Ice Network

Aspiring Olympians abound at Weiss' annual show

Rippon, Dornbush, Davis and Brubaker entertain audience
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The full cast from the ninth annual 'Ice Champions Live!' event. -Katie Weigel, Ice-Dance.com

Much of Michael Weiss' annual benefit show, Ice Champions Live!, is dedicated to entertainment. Weiss, the two-time Olympian and headliner of the event, always delights his hometown fans in the Washington, D.C., area with backflips, trademark spread eagles on the heels of his blades and a cast of elite skaters.

This year -- Weiss' ninth to raise scholarship money for up-and-coming skaters -- was no exception. Dan Hollander, dressed in a woman's cheerleading outfit and blond wig, had the crowd at The Gardens Ice House howling. Olympic champion Brian Boitano captivated the fans with an elegant skate to "Bring Him Home" from Les Misérables, and Katia Gordeeva displayed the impeccable technique that helped her win two Olympic gold medals.

Entertainment, along with raising funds for skaters (entering this year, the Weiss Foundation has raised more than $530,000 in scholarship money), are the top priorities of the show. This year, the event raised approximately $60,000 after initial accounting.

But there is another key element to the show that is worth noting: Weiss does his best to support the skaters who are still trying to achieve their Olympic goals. Among those showcased Sunday were four competitors who hope to make the U.S. Olympic Team that will compete in Sochi, Russia, in February: Adam Rippon, Ricky Dornbush and pairs skaters Lindsay Davis and Rockne Brubaker.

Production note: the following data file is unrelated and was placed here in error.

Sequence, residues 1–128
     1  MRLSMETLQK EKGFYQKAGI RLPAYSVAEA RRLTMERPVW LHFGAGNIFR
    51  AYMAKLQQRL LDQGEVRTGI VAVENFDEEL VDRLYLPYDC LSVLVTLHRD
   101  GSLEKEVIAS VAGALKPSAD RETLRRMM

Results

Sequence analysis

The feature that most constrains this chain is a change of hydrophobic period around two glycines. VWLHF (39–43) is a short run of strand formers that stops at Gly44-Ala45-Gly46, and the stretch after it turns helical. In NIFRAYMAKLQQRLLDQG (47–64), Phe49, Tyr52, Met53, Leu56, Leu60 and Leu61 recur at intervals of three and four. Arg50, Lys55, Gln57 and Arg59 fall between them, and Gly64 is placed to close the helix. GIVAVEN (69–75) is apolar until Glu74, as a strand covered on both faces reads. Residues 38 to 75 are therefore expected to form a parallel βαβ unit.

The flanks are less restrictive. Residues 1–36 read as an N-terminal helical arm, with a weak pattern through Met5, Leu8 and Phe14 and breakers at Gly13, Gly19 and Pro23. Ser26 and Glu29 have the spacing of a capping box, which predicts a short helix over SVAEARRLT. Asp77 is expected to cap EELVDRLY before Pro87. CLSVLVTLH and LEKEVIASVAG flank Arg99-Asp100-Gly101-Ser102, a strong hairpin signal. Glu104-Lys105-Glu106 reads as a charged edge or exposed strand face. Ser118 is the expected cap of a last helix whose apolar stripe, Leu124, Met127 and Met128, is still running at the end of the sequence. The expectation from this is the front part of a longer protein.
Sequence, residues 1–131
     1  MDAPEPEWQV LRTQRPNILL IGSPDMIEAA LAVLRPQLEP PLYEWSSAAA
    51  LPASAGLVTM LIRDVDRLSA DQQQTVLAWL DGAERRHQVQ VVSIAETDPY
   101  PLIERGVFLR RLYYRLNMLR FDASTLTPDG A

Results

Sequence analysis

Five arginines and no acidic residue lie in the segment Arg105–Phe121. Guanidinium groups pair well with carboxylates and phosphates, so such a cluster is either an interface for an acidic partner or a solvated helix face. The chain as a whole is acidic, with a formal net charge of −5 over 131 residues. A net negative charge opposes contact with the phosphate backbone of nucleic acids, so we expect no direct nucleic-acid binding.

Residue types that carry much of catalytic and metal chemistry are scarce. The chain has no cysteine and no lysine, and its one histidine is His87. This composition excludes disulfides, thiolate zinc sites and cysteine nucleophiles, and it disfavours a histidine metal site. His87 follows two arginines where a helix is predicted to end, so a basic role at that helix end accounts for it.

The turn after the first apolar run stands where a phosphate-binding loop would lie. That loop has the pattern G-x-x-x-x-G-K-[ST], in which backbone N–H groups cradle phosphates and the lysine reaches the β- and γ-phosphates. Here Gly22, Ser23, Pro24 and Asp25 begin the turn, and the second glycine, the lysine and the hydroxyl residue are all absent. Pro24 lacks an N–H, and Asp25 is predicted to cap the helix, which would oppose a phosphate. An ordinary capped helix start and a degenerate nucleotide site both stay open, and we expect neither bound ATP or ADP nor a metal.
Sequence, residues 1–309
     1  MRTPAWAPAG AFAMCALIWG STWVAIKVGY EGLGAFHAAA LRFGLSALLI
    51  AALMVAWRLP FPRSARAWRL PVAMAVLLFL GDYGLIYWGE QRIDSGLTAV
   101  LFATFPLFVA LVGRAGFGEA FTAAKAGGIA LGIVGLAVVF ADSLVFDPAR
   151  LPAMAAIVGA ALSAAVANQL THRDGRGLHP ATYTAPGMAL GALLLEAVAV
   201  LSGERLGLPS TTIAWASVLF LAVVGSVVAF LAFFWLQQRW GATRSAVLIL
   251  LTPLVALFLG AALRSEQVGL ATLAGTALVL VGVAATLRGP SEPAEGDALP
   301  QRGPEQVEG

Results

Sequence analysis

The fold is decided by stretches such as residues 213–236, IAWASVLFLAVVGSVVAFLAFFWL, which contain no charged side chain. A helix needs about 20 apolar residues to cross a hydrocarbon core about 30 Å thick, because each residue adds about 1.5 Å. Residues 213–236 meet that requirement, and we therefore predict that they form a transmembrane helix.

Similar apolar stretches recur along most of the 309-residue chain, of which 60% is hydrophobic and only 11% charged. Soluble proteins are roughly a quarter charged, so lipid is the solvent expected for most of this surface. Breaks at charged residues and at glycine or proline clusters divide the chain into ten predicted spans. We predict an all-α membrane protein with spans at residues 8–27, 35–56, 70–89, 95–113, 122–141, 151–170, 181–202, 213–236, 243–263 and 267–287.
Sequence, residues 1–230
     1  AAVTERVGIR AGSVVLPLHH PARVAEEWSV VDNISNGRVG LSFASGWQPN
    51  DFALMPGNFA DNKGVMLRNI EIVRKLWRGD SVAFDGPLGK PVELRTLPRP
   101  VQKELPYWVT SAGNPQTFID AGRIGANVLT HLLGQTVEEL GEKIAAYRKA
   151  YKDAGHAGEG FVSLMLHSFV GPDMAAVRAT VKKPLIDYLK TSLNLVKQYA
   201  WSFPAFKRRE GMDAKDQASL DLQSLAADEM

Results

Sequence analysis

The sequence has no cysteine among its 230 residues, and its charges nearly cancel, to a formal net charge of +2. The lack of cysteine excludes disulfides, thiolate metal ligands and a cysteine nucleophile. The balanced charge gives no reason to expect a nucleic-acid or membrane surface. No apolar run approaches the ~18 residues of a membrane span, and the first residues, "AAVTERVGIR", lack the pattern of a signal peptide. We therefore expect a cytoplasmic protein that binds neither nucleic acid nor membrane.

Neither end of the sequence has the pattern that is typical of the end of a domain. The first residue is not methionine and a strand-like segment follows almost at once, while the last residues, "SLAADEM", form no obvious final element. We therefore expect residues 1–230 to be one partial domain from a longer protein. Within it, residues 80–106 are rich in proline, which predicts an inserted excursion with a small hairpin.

Rippon, the 2012 U.S. silver medalist, just moved from Lake Arrowhead, Calif., to Los Angeles a week and a half ago but flew to the East Coast to perform his short program. Dornbush, the 2011 U.S. silver medalist, performed an exhibition number, which included a quad Salchow. And Davis and Brubaker, who formed their partnership in late February, came to show they are ready to compete with the best in the world.

With intensity and drama, Rippon skated his Carmen short program featuring his trademark arms-up triple Lutz. His goal, he said, is to change that triple Lutz to a quad come Skate America, Oct. 18-20 in Detroit.

"I want to have the quad Lutz in both programs," Rippon said. "Of all the quads, that's the one I have had the most success with. I think it will set me apart."

Would he ever do a quad Lutz with his arms up in the air?

"No," he said with a laugh. "Unfortunately, I need to keep my arms close to my chest for that jump."

Rippon said the move from Lake Arrowhead to Los Angeles, necessitated by Ice Castle International recently closing its doors, has been pretty smooth. He didn't own any furniture while in Lake Arrowhead, so moving was relatively easy. He continues to work with Rafael Arutunian, only now he skates at the East West Ice Palace operated by Michelle Kwan's family. And even though Rippon does not have any family in California, he trains alongside one of his close friends, two-time U.S. champion Ashley Wagner.

"Ashley and I train together and work out together," Rippon said. "We have been best friends for a while. We have what I'd call a very 'family-like' relationship. We are each other's family out here."

Dornbush, who also is based in California, training with Tammy Gambill in Riverside, has his sights set on Sochi as well. He will compete at the Finlandia Trophy, Oct. 4-6, and then will kick off his Grand Prix season at the Cup of China. He is also set to travel to Russia for the Rostelecom Cup.